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Unusual Use of "Parcel Post Postage Due" Stamps from 1913

Updated: Mar 20

(This article was published in The United States Specialist, March 2024, Vol. 95, No. 3, Whole Number 1129, pp. 113-114. A PDF is attached below.)

In late 1912, the Post Office issued a set of 12 parcel post stamps with denominations ranging from 1-cent to one-dollar. The Post Office also issued five parcel post postage due stamps with denominations ranging from 1-cent to 25-cents. Starting January 1, 1913, these stamps were to be used exclusively on 4th class mail weighing four ounces or more. Other stamps could not be used on parcel post after that date.

That exclusivity did not last long, however. Effective July 1, 1913, the Post Office decreed that regular postage stamps would be valid on parcels, and from that point forward, parcel post stamps -- including the postage due varieties -- became usable as regular stamps. Parcel post stamps remained on sale, but no further printings were made.

These two covers provide examples of the 1-cent and 2-cent parcel post postage dues being used on regular mail. In the US Scott Catalog, these are numbers JQ1 and JQ2, respectively.

The cover depicted in Figure 1 was mailed from Portage, Pennsylvania on September 30, 1913. It was a first-class letter, thus requiring 2-cents worth of postage at the time. Since just 1-cent of postage was affixed in the form of US Scott #405 (probably a single from a booklet pane, thus #405b), the letter was forwarded on with 1-cent postage due. Since the post office probably did not have any regular postage due stamps in stock (at the time, that would been US Scott #J45), the postal clerk affixed the 1-cent parcel post postage due stamp, a perfectly legitimate move.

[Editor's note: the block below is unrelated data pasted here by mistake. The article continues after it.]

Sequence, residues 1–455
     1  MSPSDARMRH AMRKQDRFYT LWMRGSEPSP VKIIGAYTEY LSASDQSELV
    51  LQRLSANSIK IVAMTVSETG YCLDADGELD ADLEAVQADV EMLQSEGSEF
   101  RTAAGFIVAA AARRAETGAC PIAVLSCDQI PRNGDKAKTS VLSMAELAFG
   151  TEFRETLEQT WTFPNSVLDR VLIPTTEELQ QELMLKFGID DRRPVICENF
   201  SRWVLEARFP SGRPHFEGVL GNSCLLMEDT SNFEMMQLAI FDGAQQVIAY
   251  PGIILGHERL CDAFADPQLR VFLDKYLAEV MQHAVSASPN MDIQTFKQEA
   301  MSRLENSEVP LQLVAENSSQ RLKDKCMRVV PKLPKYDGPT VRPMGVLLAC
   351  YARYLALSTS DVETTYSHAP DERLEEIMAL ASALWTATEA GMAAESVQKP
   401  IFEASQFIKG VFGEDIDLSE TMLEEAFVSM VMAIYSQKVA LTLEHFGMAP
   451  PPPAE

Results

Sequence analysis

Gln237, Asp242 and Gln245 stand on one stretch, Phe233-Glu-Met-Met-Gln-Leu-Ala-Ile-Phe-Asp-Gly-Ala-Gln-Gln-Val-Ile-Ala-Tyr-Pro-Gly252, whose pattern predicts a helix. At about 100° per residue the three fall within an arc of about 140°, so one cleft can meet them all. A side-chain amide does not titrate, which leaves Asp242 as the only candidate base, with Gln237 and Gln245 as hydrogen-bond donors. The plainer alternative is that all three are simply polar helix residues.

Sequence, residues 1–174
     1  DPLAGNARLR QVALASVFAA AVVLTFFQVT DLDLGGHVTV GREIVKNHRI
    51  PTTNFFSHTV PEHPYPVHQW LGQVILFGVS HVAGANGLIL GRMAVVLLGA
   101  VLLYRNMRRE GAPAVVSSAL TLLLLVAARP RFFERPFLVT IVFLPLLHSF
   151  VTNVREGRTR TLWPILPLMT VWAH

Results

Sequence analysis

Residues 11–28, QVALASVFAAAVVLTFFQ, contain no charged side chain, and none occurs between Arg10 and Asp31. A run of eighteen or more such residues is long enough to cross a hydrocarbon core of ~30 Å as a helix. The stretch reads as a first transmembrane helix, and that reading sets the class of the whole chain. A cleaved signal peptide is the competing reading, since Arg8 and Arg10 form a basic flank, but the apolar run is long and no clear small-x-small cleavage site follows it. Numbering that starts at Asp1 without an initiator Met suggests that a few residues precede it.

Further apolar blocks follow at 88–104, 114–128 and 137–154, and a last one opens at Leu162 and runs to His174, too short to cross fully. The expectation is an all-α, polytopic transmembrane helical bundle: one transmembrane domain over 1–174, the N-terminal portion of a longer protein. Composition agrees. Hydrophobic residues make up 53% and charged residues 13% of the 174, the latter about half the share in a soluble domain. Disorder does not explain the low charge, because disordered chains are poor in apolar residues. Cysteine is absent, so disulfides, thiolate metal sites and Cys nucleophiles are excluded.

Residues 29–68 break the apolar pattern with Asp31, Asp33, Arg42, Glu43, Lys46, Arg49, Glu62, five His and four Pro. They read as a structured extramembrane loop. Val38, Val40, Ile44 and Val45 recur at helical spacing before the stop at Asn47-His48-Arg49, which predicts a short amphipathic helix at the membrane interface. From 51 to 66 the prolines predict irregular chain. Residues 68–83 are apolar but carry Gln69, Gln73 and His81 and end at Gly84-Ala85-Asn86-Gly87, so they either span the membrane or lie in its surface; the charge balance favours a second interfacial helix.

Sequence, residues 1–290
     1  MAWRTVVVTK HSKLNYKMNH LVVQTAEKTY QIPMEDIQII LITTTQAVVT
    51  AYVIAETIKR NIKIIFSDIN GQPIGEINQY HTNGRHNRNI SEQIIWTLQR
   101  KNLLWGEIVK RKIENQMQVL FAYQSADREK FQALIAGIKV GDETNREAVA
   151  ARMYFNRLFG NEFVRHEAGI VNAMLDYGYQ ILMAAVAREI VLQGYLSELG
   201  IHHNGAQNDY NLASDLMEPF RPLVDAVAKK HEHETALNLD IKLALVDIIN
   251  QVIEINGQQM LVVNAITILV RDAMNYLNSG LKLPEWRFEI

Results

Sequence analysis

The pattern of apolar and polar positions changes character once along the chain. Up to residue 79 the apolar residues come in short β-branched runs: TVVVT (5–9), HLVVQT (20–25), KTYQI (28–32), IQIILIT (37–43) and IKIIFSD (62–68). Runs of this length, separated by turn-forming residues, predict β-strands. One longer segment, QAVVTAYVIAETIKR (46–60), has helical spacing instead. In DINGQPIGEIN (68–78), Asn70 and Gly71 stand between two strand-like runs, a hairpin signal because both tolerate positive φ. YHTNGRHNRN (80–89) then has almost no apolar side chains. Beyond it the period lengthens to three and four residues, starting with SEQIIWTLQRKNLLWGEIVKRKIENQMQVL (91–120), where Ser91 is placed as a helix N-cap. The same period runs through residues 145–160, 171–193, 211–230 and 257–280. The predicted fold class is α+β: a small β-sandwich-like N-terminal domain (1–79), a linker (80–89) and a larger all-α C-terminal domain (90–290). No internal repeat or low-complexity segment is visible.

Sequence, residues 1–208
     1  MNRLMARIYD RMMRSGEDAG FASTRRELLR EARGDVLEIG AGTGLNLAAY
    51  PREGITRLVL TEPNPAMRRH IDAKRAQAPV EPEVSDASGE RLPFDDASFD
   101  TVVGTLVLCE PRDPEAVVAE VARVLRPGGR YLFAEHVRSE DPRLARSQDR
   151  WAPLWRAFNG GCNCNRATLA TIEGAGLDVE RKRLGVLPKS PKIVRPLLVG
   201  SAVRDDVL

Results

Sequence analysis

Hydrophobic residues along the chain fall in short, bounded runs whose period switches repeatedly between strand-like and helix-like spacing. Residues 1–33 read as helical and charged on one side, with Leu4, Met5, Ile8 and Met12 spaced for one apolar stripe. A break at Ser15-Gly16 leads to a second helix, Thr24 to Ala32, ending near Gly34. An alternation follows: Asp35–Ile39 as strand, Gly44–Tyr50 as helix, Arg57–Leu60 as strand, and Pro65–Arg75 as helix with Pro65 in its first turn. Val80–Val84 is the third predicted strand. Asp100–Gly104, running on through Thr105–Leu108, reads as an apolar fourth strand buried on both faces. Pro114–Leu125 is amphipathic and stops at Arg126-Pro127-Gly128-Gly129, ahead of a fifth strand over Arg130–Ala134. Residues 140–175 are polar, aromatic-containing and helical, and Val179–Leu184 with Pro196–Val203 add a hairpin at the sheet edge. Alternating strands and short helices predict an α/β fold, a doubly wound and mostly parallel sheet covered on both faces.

Who sent this letter from Portage, which is about 240 miles due west of Philadelphia, is unknown. I can't find much information on the recipient, Miss Golde Rosenburg. There was someone by that name born in Philadelphia 1906, but other than a birth certificate, there are no further records on an individual by that name in Philadelphia.

German Hospital, however, continues in operation to this day. It is known as Lankenau Medical Center and is considered one of the top 5 hospitals in the Philadelphia region. It was founded in 1860 as the German Hospital of Philadelphia and served primarily German-speaking residents and immigrants. With the entry of the US into World War I in 1917, it was renamed Lankenau Hospital.

The second example shown in Figure 2 was postmarked in Kansas City, Missouri on September 4, 1913. Two-cents of postage was affixed to the envelope in the form of US Scott #406, but given that it was a number 10-size envelope and contained correspondence from one attorney to another, it probably weighted more than one ounce, thus requiring 2-cents of additional postage. That overage was covered by affixing the parcel post postage due stamp that is number JQ2 in the US Scott Catalog.

The sender was Charles M. Bush (1876-1936), a prominent Kansas City attorney. The recipient was Silas Bullard (1841-1922), who during his career was an attorney, judge, and president of a bank in Menasha, Wisconsin.

Figure 1

Figure 2

1129 pages 113, 114
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